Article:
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+++ S P E C I A L R E P O R T +++
"Web Presence: Planning Your Website"
Copyright 1999, 2000 by Martha J. Retallick.
February 16, 2000

Moderator's Comments

Hi All:

Today we have a special report from Martha Retallick on designing your Web site. I thank Martha for this excellent report, and I trust you will find it beneficial in your business.

George Matyjewicz, C.M.O.
Moderator, E-Tailer's Digest



Web Presence: Planning Your Website
Copyright Notice
Copyright 1999, 2000 by Martha J. Retallick.
All rights reserved.

Introduction: It's Your Decision

You might think that a report published by a web design studio would start out by saying that every business should have a website. 

Not by a long shot. 

In fact, I'd like to start this report by asking six tough questions:

1. Why do you want to have a website?
2. What will happen to your business if you don't have one?
3. What are your expectations?
4. What measurements are you going to use to decide if it is a success?
5. How is it going to integrate with your other communications functions?
6. Where is the site traffic going to come from?

Feel free to share these questions with others in your company. The collective process of answering them will help your organization make a better decision.

Outline Of This Report

This report starts out with some ideas to get you thinking. In addition to those six tough questions listed above, you'll get some tips on website planning, including some ideas on what to do with a website. Then we'll move into a brief discussion of online promotion.

After ideas come actions. Get ready to do some figuring on the Website Cost Worksheet. Then, last but not least, you can work on your Website Agenda and Goals. This is an actual form that I give to my clients. I thought you might find it useful as well.

Planning Your Site: Five Tips

The following five tips will help you work with your web designer to create a great site. If you'd like to discuss them further, please send an e-mail to me at info(at)Lrpdesigns.com. Or call me at 520-690-1888.

1. Decide what you want to say. Bear in mind that World Wide Web users aren't looking for ads and sales pitches, they're looking for information. They want to know about your company and its products and services, and they want to engage in a dialogue with you. One caveat: If you're getting on the Web in order to sell something, don't be shy about asking for the sale. Similarly, if you're looking for leads, encourage people to contact you so you can get the sales process rolling.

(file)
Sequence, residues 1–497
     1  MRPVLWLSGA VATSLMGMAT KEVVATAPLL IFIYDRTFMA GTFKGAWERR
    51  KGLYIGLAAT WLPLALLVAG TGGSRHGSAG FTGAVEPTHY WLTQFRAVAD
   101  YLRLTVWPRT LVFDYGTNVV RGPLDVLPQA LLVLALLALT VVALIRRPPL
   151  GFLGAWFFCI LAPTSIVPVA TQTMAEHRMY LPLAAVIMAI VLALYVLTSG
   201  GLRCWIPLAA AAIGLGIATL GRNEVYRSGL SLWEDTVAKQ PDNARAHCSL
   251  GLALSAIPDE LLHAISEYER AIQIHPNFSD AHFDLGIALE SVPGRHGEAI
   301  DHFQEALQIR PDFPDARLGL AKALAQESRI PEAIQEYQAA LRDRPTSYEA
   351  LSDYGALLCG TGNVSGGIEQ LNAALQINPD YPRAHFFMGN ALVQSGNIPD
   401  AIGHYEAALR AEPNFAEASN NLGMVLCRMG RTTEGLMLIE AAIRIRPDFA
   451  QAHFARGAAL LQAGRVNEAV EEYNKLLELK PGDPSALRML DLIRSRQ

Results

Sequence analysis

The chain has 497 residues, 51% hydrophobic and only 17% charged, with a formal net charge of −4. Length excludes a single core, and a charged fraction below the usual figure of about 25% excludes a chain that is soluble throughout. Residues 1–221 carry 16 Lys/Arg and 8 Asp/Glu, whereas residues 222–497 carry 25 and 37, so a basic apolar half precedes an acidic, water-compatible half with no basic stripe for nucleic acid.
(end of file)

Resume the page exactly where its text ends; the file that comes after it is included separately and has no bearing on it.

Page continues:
2. In order to decide on what will go into your site, you'll need to visualize the "big picture." For this process, I suggest using an organizational chart or flowchart format. (My personal favorite is the organizational chart.) 

Up at the top of the organizational chart is the "home page." This usually consists of a company logo, "welcome to the website and here's how it will help you" message and a menu of sub-pages. I don't recommend putting much more than this on the home page - most of your visitors won't care to wait for long downloads.

How much should you put on each page? In order to facilitate retention of your message, I'd recommend that you provide two screens full of information per page -- that's roughly equal to one printed page of text.

3. Shop the competition. Do your competitors have websites? Make careful notes of what you like and dislike about them, then use this information to make your own site even better.

4. A picture is worth 1,000 words. In other words, all text and no art makes a dull website. However, try not to overdo it with the graphics. They take longer to download than text, and Web users don't like to be kept waiting.

5. Interactivity rules! The World Wide Web offers many opportunities for creating relationships with customers and prospects. You'll want to take advantage of these opportunities on your site. Include e-mail links so that visitors can contact you. You can also offer an e-mail newsletter, host discussion groups, and have live chats.

What to Do with a Website: Four Ideas

1. Offer a financial incentive for online purchasing. In other words, a discount.

2. Just the FAQs, ma'am. Do you hear the same questions over and over? Answer those Frequently Asked Questions on your website.

3. Be a resource. Make your site the "resource center" for your field.

4. Show what you can do. For example, if you're an artist, put part of your portfolio online. Are you a musician? Offer sound clips. Or, if you're a consultant, provide some case studies and project summaries.

Promotional Tips: Five Dos and Five Don'ts

First, the dos...

1. Set yourself apart from the competition by having an online marketing plan. 
2. Get involved with the Internet.
3. Keep your site fresh and up to date.
4. Understand that your site is "on" 24 hours a day, 7 days a week. Make sure it reflects well on you and your company. 
5. Integrate your website with your overall marketing plan.

Now, the don'ts

1. Don't have unrealistic expectations.
2. Don't jump in without doing your homework.
3. Sending unsolicited commercial e-mail (aka spamming) is a big no-no.
4. Don't ignore your e-mail. Those messages could be from people who want to do business with you.
5. Don't get carried away with technological bells and whistles. Use the Internet to communicate and build relationships, not to show off!

Watching the Money: Website Budgeting

If you've been in business for any length of time, you know that budgets are important. Just like everything else in business, an online presence requires a budget. The following pages will help you think about what goes into your online budget.